Situational awareness throughout incident response activities is of paramount importance. As activities are conducted, new information is likely to emerge. New information may completely change the objectives of your exercise, and teams need to be in constant communication in order to coordinate activities.
Actions assigned to responders during an incident will be informed by the systems and data at risk, business continuity plans for these systems, and the objectives of the incident response exercise.
In terms of best practice, in an ideal world, evidential integrity would be maintained during every incident response exercise, and the preservation of evidential integrity should be a consideration for teams handling any incident. However, in some circumstances, preservation of evidential integrity may conflict with the necessary requirements of resumption of business, budgetary constraints or time constraints. If legal action, or a prosecution, is the likely end goal of the response, evidential integrity will be very important.
The Association of Chief Police Officers (ACPO) four principles related to Digital Evidence should be known to all members of the incident response team; decisions that may be made during the response operation should consider the wider implications for the integrity of the evidence in relation to these principles:
- Principle 1: No action taken by law enforcement agencies, persons employed within those agencies or their agents should change data which may subsequently be relied upon in court.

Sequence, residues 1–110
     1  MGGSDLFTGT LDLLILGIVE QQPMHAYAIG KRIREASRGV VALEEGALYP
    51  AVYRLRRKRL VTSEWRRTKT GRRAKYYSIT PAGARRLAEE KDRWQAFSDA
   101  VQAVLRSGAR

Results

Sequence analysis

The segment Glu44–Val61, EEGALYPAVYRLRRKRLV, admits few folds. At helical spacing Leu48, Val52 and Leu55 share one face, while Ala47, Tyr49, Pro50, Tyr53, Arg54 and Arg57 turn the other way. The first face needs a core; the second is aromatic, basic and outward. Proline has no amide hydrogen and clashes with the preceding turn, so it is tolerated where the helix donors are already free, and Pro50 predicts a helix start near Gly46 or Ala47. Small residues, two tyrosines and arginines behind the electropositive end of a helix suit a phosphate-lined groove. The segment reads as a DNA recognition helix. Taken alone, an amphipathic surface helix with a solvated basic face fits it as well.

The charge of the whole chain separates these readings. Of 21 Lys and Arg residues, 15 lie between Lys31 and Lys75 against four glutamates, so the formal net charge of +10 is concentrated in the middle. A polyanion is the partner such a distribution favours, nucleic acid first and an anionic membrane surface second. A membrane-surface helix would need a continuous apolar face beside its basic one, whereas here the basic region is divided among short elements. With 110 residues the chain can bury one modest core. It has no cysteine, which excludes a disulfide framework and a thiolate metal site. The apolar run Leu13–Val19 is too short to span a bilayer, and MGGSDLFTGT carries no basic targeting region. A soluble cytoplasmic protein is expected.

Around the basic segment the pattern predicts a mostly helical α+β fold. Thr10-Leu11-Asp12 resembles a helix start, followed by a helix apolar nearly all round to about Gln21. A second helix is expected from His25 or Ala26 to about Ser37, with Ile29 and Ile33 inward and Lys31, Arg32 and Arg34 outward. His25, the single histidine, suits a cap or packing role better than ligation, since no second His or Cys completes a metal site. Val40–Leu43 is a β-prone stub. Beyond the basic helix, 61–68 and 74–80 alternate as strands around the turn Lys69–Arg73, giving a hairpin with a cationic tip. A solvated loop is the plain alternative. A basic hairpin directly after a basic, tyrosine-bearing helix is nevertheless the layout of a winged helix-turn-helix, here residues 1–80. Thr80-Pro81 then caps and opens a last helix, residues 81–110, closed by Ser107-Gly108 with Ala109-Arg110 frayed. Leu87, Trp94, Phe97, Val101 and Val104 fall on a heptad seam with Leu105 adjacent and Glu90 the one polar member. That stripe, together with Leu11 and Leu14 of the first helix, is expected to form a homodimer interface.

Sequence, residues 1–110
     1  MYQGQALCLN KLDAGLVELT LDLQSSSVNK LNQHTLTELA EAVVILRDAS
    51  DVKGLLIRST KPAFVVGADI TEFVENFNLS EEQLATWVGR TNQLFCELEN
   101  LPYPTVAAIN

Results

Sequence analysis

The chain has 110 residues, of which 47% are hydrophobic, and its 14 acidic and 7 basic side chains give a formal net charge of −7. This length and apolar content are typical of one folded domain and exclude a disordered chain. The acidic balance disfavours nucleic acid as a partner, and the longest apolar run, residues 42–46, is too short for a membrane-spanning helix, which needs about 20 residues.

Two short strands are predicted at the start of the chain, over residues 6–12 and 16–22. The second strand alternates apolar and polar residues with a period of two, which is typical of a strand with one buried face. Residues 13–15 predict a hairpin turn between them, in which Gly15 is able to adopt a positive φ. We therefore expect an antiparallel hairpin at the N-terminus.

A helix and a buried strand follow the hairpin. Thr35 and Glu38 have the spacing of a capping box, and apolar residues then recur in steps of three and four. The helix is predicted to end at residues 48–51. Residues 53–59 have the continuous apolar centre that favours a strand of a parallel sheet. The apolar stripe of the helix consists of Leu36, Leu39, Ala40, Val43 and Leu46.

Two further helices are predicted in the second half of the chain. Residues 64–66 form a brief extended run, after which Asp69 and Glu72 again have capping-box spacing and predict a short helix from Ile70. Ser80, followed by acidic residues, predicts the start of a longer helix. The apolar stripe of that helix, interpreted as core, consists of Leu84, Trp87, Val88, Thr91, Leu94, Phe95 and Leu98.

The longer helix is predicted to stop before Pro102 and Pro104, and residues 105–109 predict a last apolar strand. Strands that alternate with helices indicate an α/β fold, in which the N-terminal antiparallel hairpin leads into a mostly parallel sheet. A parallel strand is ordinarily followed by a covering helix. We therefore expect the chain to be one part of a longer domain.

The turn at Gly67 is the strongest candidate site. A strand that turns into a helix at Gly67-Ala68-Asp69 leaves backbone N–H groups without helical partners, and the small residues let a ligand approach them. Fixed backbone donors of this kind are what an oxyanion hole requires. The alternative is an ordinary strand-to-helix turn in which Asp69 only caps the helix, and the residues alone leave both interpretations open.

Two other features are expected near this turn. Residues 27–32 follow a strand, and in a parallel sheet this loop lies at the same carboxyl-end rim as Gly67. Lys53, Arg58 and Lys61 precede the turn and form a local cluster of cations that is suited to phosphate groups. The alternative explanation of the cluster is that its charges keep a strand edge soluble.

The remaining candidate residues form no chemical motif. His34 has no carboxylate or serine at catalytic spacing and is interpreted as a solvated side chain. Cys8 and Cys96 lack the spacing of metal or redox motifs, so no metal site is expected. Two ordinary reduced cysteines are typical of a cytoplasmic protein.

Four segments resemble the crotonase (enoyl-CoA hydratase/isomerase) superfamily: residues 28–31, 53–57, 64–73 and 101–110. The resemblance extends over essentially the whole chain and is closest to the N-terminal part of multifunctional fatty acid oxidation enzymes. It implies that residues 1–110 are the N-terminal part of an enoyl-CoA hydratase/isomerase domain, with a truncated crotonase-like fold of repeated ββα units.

- Principle 2: In circumstances where a person finds it necessary to access original data, that person must be competent to do so and be able to give evidence explaining the relevance and the implications of their actions.
- Principle 3: An audit trail or other record of all processes applied to digital evidence should be created and preserved. An independent third party should be able to examine those processes and achieve the same result.
- Principle 4: The person in charge of the investigation has overall responsibility for ensuring that the law and these principles are adhered to.
For most incidents, the first priority of activities is containment. This means stopping the incident from spreading to neighbouring systems or data, and limiting the damage.
Containment generally comprises a number of actions aimed at reducing the immediate exposure, whilst allowing the ability to continue analysis of the incident and plan longer term remediation. Containment activities tend to be fairly ‘quick and dirty’ fixes to the causes of an incident until further information is available.
If the primary objective of the response is to gather intelligence about the attacker’s actions in a covert manner for use elsewhere, containment may be delayed for a window of observation. More normally, containment actions will be conducted rapidly; the higher the urgency of the incident, the more pressing immediate containment actions will be.
In accordance with the ACPO principles above, it is important for incident responders to realise that containment activities may cause a change to ‘evidence’ that may be collected at a later date. With this in mind, any containment actions must be very carefully documented to ensure that these can be accounted for within evidence subsequently obtained.
Examples of ‘quick fix’ containment actions which may be relevant include:
- Disabling compromised accounts and blocking access to these
- Changing credentials thought to be compromised
- Blocking the sources of known malware (such as websites, or malicious email domains)